First- a brief book review: Nontechnical Guide to Petroleum Geology, Exploration, Drilling and Production – Norman J Hyne.
This is a good but dull book - a handbook of upstream oil process – how a drill works, all the processes involved in guiding drills, essentially a technical manual aimed at scientists and engineers who want to get up to speed (and hence useful) in the management of upstream oil and gas. If that is what you want I highly recommend this book.
I do not believe in investing in any industry until you understand it – and this will give you a very good understanding of the oil and gas industry. If your fund manager doesn’t read stuff like this then find a different fund manager. (This book is about widening your circle of competence. I am hardly recommending it for general reading – but we found it useful.)
The real purpose of this post
Norman Hyne is very matter-of-fact. For instance – without reference to whether such a thing should exist – or without reference to the vast scientific revolution that was required even to say such a thing – Hyne talks about 14 thousand feet of sediment. Sometimes he talks about 20 thousand feet of sediment. And it goes without saying that the world must be very old for this sediment to exist. The author won’t even bother entertaining the idea that the world is 6000 years old (and that the sediment was all laid down in some biblical flood). That notion is of no use whatsoever to a field petroleum engineer.
Likewise there is a chapter on analysing drill core samples. This is done by analysing micro-fossils – weeds and seeds. The organising principal of the theory is evolutionary biology. Creation Science is not entertained. Norman Hyne is a practical guy – and he wouldn’t mention such “theories” because they are no use in drilling for oil. Indeed you will find no worthwhile petroleum geologists who view creation science as a useful theory in finding oil.
We have just had a US President whose fortune was built on oil. We had a VP who was CEO of Haliburton – a major upstream oil contractor and technology provider. These people know that Creation Science is useless – that it will not help you find oil or make money.
Yet – admittedly with political considerations at heart – they were active or passive supporters of creation science crap. They knew it would keep the constituents poor or stupid – and yet – for understandable political reasons they backed it.
One of the more famous conservative blogs is called the Conspiracy to Keep you Poor and Stupid – but I have only once found such a conspiracy. And that was on the conservative side of politics.
I have said on this blog that conservatives sometimes have a better grasp of reality than liberals. They tend to have a more realistic view of the human condition than many starry-eyed liberals. However this is another example of conservatives becoming the anti-science reactionaries of American politics. Lots of real reform (eg greenhouse) will not be done well until conservatives engage properly with the reality. This is yet another plea for American conservatism to get back its intellectual strength. It really is time...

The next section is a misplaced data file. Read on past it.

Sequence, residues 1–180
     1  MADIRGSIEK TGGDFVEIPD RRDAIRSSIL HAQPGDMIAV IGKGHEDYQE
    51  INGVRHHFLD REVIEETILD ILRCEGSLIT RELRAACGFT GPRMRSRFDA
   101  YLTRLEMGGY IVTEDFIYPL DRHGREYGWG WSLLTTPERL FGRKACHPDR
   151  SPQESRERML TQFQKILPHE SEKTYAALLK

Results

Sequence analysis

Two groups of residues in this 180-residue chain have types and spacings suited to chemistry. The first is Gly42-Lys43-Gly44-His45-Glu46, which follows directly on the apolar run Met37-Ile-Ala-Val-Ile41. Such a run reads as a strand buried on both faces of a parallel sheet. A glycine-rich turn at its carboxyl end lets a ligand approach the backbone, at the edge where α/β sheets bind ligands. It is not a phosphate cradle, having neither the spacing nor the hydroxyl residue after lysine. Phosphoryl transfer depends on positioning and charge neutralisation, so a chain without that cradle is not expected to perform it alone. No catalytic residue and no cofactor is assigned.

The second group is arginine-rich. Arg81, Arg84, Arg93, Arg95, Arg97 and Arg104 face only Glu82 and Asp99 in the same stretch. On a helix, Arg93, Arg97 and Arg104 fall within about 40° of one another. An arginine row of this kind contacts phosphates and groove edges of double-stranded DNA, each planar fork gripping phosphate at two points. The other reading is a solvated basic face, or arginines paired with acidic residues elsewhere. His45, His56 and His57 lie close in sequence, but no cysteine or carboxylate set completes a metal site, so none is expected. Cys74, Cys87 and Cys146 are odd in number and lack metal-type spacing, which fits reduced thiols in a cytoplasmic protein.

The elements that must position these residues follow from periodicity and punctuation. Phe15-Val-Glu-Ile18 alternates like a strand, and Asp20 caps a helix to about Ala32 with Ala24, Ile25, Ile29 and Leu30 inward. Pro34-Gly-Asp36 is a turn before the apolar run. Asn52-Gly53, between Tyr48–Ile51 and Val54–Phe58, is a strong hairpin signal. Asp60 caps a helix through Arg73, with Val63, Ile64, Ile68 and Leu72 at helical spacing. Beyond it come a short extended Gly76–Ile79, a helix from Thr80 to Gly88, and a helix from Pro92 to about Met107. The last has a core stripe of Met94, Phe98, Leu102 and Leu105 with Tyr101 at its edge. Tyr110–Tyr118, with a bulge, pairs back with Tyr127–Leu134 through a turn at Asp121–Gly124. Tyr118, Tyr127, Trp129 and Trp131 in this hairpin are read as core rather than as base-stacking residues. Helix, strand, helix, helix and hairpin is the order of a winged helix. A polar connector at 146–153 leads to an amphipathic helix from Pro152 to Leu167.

I have been criticised in the email and in the comments for a political sermon - the belief that creationism is a straw man to beat the political drum on.
I wish it were true. Over half the US population in some surveys believe this crap. I have seen high profiles conservatives describe evolution as "the liberal creation myth".
These are the same conservatives who have anti-science belief elsewhere. Everytime I mention greenhouse the blog goes wild. The temperatures of over 120 farenheit that my parents in law (rural southern Australia) experienced on the weekend may not be driven at all by the greenhouse effect - but my feeling is that the burden of proof is now totally on the climate-change-deniers. A couple of hundred dead (in the resulting fires) tends to focus the mind - and my mother in law - usually a tough old woman - spent most of Sunday crying...
Once Maggie Thatcher argued (indeed demonstrated) that lots could be achieved if you appealed to individualism. She was right. She had a decent understanding of the human condition. I might not agree with all she aimed for - and ultimately I think there are non-market goals. But the position had strengths and we should keep the good bits of it.
But the Maggie Thatcher view that financial markets could regulate themselves is now a smouldering ruin called the Royal Bank of Scotland.
How we get a facts-and-circumstances driven politics is something that regularly makes me ponder. Its is also the central political question of the next ten years - how we keep the good bits of the Thatcher/Reagan revolution (a general belief in markets and the worth of the individual) whilst tossing the bad bits (lack of environmental responsiveness, failed financial market regulation etc).
If I sound like I am giving a sermon I apologise in advance. But my guess is that the same people who believe in creation science are the people who believe that climate is the realm of god - not the realm of human ingenuity and destructiveness...
Finally - the real issue with greenhouse for this blog is the notion that it is real and it will effect investments. For instance if heat-waves of the kind experienced in southern Australia are common then fruit trees in the Goulburn Valley are not worth what they used to be. (You have a hard time growing peaches when the temperature is 120 farenheit.)
Likewise governemnts will do things and that will change the value of all sorts of assets (coal, nuclear, hybrid cars and lots of things I can't think of). All of that is worthy of consideration.